Dangers Of Snorkeling – 10 Risk Factors To Pay Attention To In Order To Stay Safe

Is snorkeling dangerous? Not if you do it in the right way! Snorkeling is easy to learn, fun and a generally safe outdoor activity. However, as all water sports, it has some potential risks and dangers too. Underestimating the power of the ocean (and sometimes your own capabilities), getting close to marine animals you should not, or equipment failures can put you at risk, so you need to be fit, have comfortable gear and be prepared for various situations. To stay safe while going out into the ocean for some fun under the waves, here we tell you 10 potential dangers of snorkeling you should pay attention to.

Gear failures

Masks, snorkels and fins come in different sizes and quality and in order to have a safe snorkeling experience, your equipment needs to be well-made, durable and comfortable. Don’t buy cheap gear because usually such items don’t last long and are not skin-friendly. Choose products made by reliable water sports gear manufacturers such as Cressi, Mares, US Divers, Seac etc…

snorkeler is wearing a black snorkel mask

Make sure your gear is the correct size (that’s why it is important to have your own equipment and not to rent), moreover, regularly clean and check your mask, snorkel and flippers.

Using damaged or broken gear also poses a threat. In case of tears and wear, repair or replace the damaged parts or if necessary, get a new item.

If you need help with what gear to buy and how to choose the right items, we have separate guides for everything:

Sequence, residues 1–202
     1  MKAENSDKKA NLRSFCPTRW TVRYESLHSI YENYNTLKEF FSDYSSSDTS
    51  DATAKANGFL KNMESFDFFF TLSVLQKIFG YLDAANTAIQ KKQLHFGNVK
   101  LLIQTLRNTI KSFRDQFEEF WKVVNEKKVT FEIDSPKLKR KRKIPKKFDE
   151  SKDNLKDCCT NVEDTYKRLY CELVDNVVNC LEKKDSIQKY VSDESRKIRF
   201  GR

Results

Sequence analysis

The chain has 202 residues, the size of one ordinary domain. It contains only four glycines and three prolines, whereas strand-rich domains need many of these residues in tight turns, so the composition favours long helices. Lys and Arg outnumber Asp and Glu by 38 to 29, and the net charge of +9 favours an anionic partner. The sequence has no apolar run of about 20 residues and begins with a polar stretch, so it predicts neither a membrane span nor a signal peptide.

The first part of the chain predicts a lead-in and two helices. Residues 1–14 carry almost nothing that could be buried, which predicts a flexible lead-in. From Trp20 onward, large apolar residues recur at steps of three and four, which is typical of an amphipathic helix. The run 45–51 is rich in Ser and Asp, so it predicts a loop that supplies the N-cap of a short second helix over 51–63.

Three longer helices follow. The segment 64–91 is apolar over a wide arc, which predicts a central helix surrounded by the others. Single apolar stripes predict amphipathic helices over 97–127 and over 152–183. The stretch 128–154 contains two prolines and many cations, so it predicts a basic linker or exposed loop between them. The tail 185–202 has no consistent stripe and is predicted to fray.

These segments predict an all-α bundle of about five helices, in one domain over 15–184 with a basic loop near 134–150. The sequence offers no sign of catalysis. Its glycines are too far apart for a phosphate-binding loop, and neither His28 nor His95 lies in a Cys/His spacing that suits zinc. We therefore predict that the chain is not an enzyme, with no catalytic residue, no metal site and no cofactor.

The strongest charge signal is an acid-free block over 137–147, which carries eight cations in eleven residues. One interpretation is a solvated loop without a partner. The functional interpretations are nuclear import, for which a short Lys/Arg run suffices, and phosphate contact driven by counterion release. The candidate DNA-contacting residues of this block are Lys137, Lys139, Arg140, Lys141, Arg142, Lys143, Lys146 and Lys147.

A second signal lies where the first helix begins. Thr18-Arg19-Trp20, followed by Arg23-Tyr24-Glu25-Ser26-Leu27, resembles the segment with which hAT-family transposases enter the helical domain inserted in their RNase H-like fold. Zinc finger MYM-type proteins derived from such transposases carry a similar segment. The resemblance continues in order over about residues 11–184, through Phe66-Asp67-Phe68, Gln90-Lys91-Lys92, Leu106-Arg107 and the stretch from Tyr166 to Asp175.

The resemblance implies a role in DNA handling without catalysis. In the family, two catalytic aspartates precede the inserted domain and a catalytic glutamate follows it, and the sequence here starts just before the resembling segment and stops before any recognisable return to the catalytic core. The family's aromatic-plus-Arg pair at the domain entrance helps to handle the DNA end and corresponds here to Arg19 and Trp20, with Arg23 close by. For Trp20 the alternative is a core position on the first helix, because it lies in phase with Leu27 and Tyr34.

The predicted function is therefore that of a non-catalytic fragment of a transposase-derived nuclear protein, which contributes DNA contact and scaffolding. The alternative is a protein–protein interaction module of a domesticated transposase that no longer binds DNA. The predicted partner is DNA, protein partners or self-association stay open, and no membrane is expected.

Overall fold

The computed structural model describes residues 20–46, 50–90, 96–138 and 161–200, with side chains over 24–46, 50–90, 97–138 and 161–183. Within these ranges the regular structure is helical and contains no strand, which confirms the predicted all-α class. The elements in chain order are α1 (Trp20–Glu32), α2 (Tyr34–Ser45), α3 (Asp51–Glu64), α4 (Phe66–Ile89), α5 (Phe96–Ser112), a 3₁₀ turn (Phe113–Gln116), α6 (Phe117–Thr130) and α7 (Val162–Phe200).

Tips on how to choose the right snorkelling mask
Types of snorkels
What are the best fins for snorkeling

Also, make sure to read our full face snorkeling mask dangers article if you are planning to buy today’s popular Easybreath-type mask.

Poor swimming skills

Snorkeling is a wonderfully accessible and popular activity that draws people of all ages to explore the underwater world. However, since it is an activity performed in outdoor bodies of water, it can be dangerous if you don’t know what you are doing.

Although some might say that snorkeling is performed on the water’s surface, is more like floating than swimming and is safe for non-swimmers too, this is not the case. People who don’t know how to swim well enough can get, in worse cases even drown in the event of trouble.

To avoid injury or death, snorkel only if you are a good swimmer, and if you are comfortable in the water (this means no fear of deep water). If you are not confident in your swimming skills, take lessons from qualified instructors before attempting snorkeling. When in the ocean, don’t be ashamed to use a snorkel vest or life jacket if you feel you need one.

Lack of practice and experience

You should always know your limits and what risks are involved before going into new situations with which you may not be familiar. If you go first time snorkeling in the sea, start in a shallow, protected bay and explore deeper waters only when you have mastered your skills.

practicing snorkeling in shallow water

Getting good equipment is important, but you also need to know how to use it properly. Practice putting on and removing your items before diving in so that they become second nature when needed during an emergency situation.

learning to use a snorkeling mask